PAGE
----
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But we are urging, therefore, that most of the gray area uses be made white in order to keep the law abreast of current and future uses of materials in teaching and learning.

With burgeoning enrollments and mounting problems, even if funds are available for this purpose, teachers do not have time to run down clearances on materials which they need in their day-to-day teaching, nor do they have the secretarial help to do this for them.

What will happen, therefore, is not that teachers will buy additional copies, but rather that they in all likelihood will not use the materials at all

, thus defeating the very objectives of quality teaching and learning in our classrooms which the new education bill recently passed by this Congress sought to encourage. Why should teachers be required to go to such lengths in order to use materials which this Congress expects them to use as part of their teaching responsibilities? In conclusion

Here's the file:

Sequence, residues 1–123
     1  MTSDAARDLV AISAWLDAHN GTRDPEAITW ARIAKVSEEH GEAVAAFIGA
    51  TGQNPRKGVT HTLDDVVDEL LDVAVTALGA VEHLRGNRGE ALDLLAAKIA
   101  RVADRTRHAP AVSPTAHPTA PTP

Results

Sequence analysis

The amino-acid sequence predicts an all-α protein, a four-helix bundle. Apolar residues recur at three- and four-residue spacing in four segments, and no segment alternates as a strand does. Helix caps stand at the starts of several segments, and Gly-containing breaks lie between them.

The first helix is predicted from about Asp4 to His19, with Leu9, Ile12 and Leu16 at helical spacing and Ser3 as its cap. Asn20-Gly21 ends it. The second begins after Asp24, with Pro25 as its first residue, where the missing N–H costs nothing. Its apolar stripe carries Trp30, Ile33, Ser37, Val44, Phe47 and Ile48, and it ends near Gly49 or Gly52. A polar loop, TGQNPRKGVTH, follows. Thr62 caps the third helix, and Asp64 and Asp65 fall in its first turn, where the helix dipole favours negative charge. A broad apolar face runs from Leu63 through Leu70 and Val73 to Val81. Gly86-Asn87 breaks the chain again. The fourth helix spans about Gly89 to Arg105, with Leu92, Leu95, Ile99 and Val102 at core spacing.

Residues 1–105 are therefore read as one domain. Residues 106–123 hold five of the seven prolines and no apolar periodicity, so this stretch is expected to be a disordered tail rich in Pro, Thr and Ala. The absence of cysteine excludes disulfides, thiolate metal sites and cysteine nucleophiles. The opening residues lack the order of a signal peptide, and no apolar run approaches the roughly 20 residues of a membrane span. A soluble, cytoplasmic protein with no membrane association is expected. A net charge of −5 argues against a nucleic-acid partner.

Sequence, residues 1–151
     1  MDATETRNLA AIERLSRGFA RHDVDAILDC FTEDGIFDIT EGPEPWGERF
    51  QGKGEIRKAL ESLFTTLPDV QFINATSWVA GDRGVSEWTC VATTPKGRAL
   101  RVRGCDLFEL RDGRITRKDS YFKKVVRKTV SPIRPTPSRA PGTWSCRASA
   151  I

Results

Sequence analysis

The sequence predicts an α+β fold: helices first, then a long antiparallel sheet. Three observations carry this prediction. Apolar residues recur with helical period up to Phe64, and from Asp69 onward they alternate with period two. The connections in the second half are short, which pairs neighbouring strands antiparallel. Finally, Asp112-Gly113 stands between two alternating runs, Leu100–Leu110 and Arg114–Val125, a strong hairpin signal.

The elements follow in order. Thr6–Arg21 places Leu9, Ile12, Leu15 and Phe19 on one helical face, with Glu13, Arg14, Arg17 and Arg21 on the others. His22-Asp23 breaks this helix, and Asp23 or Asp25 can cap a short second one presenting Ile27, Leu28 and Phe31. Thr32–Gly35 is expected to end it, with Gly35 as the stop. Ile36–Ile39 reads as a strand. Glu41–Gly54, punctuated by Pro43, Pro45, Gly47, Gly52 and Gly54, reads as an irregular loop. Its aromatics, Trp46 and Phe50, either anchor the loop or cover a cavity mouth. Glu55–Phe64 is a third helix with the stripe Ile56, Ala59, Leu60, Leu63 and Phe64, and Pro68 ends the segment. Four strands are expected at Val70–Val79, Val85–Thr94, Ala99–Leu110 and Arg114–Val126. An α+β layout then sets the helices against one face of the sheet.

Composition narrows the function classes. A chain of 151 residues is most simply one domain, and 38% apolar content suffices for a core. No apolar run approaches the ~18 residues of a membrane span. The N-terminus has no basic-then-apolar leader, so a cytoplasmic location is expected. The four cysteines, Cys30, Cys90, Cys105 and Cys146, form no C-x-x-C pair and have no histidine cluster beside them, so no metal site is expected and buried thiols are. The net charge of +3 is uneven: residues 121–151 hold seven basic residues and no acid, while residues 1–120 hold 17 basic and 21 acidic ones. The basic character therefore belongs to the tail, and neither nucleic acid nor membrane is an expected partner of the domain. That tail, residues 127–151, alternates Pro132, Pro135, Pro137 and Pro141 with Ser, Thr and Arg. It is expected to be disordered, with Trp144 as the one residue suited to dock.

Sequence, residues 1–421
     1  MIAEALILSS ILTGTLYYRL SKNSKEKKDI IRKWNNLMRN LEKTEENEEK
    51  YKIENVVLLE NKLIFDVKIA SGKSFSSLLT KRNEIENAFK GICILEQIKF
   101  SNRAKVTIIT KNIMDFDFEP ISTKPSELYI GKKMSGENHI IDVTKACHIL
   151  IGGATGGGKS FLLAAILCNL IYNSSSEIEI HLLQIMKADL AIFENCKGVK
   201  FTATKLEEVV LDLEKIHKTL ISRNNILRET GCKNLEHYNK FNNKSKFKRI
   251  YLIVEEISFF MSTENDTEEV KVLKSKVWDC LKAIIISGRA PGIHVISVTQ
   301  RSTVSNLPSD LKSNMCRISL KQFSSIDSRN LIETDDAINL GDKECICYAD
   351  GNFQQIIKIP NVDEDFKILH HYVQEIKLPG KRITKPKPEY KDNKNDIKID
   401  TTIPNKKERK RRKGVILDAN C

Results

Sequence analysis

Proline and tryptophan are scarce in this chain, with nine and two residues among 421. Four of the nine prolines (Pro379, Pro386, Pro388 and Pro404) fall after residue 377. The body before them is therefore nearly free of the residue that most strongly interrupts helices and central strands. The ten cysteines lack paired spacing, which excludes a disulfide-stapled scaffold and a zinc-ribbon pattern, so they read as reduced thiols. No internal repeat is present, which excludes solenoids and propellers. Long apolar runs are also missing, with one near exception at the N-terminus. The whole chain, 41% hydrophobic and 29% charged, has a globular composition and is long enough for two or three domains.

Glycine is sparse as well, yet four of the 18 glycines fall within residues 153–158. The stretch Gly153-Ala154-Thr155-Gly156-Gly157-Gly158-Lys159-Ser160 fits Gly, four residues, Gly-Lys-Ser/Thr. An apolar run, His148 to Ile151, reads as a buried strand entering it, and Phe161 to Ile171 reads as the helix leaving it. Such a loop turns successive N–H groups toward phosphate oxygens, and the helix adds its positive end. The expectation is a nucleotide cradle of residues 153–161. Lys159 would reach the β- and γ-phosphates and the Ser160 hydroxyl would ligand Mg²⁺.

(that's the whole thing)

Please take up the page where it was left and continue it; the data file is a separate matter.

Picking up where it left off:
In the revision of the copyright law, two parallel sets of rights and interests are involved: those of the author-producer and those of the consumer-user.

Education is both a producer and consumer of copyrighted materials. It is interested in a new law which will be fair and reasonable to all concerned. It recognizes that creators and proprietors of educational materials need protection so as to stimulate the continued flow of such materials. · At the same time, there is an overriding public interest to be met also. Teachers must be able to utilize copyrighted materials with a minimum of time and effort devoted to making such materials available to students and with a minimum of cost and clearance requirements.

Please bear in mind that when we recommend that education may make restricted copies of copyrighted materials, the members of the ad hoc committee are saying that they are willing to authorize limited copying of their own copyrighted works. Not all the members of the educational field may agree with this, but the members of the ad hoc committee and I could show you their statements have indicated by resolution or otherwise, in their own groups, that they feel that they must not ask for the privilege to have any kind of exemption, even though a limited one, without certainly being willing in turn, in their own publications, to allow other educators to make the same kind of use of our materials. We feel this is only fair to do this.